Treating hypertension

Maintaining a healthy blood pressure is important as an elevated blood pressure can significantly increase your risks of heart, brain, kidney and other diseases.
An estimated 1.28 billion adults aged 30-79 years worldwide have hypertension or high blood pressure, according to the World Health Organization.
As we mark World Hypertension Day on 17 May 2022 this year, Western Cape Government Health and Wellness Nurse Verna Jacobs has encouraged residents to learn more about high blood pressure to protect themselves and their loves ones. Sr Jacobs, who works at the Elsies River Community Health Centre, leads a hypertension support group to empower residents living with hypertension.
In line with this year’s theme, “measure your blood pressure accurately, control it, live longer,” below are four commons myths about the condition and how you can prevent and manage high blood pressure.

MYTH: High blood pressure is not serious and only affects older people
FACT: “Hypertension is a serious condition and should not be ignored,” says Sr Jacobs.

“High blood pressure can affect anyone, including children. It increases the risk of heart and brain disease and can have serious health implications if left untreated or uncontrolled.”
Among other complications, uncontrolled hypertension can cause serious damage to the heart. This can lead to chest pain, heart attack or heart failure.
Have your blood pressure and glucose levels checked at least once a year and more often if you have a family history of chronic diseases, such as hypertension and diabetes.

MYTH: High blood pressure can’t be prevented
FACT: Some lifestyle habits can increase your blood pressure. In the same way, other habits can reduce your blood pressure. Risk factors include unhealthy diets (excessive salt consumption, a diet high in saturated fat and trans fats, low intake of fruits and vegetables), physical inactivity, consumption of tobacco and alcohol.
Sr Jacobs explains: “Hypertension can be prevented and managed through a healthy lifestyle. A healthy lifestyle includes healthy eating and exercise. Avoiding eating certain foods to improve your health. This include reducing your salt intake. Salt intake of less than 5 grams per day (just under a teaspoon) for adults helps to reduce blood pressure and risk of cardiovascular disease, stroke and coronary heart attack. A balanced diet includes all food groups in your diet, these food groups include starch, protein, fat, fruit, and vegetables. Cut down on sugary treats and processed foods.”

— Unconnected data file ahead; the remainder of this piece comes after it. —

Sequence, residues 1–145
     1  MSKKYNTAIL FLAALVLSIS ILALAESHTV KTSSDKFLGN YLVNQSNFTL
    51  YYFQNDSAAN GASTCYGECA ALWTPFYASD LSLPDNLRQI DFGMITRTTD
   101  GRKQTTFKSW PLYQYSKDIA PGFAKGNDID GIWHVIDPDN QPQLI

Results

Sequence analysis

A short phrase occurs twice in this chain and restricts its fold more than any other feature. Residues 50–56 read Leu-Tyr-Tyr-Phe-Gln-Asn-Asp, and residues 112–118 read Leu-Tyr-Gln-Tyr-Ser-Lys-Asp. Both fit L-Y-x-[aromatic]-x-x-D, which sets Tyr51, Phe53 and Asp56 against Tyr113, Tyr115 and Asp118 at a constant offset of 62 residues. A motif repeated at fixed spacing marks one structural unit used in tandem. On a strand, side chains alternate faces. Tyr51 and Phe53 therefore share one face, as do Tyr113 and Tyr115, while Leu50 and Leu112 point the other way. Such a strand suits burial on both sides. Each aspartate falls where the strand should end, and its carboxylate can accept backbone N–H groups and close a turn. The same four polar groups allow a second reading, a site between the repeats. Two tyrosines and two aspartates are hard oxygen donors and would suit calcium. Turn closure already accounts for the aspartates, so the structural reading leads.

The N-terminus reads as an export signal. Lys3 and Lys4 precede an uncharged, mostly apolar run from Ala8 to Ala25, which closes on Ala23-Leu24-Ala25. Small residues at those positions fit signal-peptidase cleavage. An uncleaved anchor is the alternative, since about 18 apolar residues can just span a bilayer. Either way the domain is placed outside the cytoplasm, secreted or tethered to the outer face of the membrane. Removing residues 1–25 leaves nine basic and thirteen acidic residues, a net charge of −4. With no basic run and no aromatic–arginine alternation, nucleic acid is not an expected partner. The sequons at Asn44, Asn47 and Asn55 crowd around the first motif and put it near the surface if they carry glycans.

In addition, being overweight or having obesity may increase you risk for high blood pressure, but help is available. Talk to a healthcare worker about your diet and reaching a healthy weight.
Genetic factors can also play a role in high blood pressure, heart disease, and other related conditions. People with family members diagnosed with high blood pressure are at risk of developing the disease and should therefore be mindful and should go for regular check-ups.
MYTH: You won’t need to complete treatment if you feel better after a few weeks
FACT: If you receive medication, it is important to take it to complete treatment as recommended by a healthcare worker. Do your best to implement healthy lifestyle habits recommended by your nurse or doctor, such as exercising regularly. “As soon a patient is diagnosed, treatment will start. A healthy lifestyle and taking your medication will help to keep your blood pressure at a healthy level. Therefore, it greatly reduces your risk of heart and kidney disease,” says Sr Jacobs.
Changing your lifestyle can help control and manage high blood pressure. Ask a healthcare worker about the best blood pressure treatment for you.

MYTH: You will know if you have high blood pressure
FACT: Hypertension is called the “silent killer” for a reason. “Many people with hypertension are unaware that they have the condition and may not display symptoms,” says Sr Jacobs.
Some patients may display symptoms which can include early morning headaches, nosebleeds, irregular heart rhythms, vision changes, and buzzing in the ears. Severe hypertension can cause fatigue, nausea, vomiting, confusion, anxiety, chest pain, and muscle tremors.
It is important that you have a healthcare worker measure your blood pressure to detect hypertension. The process is easy, painless and free at our clinics.

ACCESSING HEALTHCARE

Access to healthcare is a basic human right, whether for hypertension, diabetes or any other condition. If you need support, you can make an appointment at your local clinic or visit your clinic. Healthcare workers at Western Cape Health and Wellness centres are ready to support you. Speak to your healthcare worker about chronic condition support clubs at your local clinic if you have high blood pressure. If hypertension is detected early, it is possible to minimise the risk of heart attack, heart failure, stroke and kidney failure. Individuals who already have hypertension can manage their condition by:
• Adopting the healthy behaviour listed above.
• Getting regular health and blood pressure checks.
• Regularly taking any prescribed medications for lowering blood pressure.
• Following any other medical advice from a trained healthcare worker.